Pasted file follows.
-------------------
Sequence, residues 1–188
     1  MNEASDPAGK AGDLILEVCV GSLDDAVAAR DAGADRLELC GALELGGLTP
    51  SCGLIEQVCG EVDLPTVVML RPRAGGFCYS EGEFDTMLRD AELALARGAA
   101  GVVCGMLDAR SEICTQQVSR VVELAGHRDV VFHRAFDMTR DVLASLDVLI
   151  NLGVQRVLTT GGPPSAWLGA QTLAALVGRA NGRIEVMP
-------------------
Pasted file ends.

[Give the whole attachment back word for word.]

Sequence, residues 1–188
     1  MNEASDPAGK AGDLILEVCV GSLDDAVAAR DAGADRLELC GALELGGLTP
    51  SCGLIEQVCG EVDLPTVVML RPRAGGFCYS EGEFDTMLRD AELALARGAA
   101  GVVCGMLDAR SEICTQQVSR VVELAGHRDV VFHRAFDMTR DVLASLDVLI
   151  NLGVQRVLTT GGPPSAWLGA QTLAALVGRA NGRIEVMP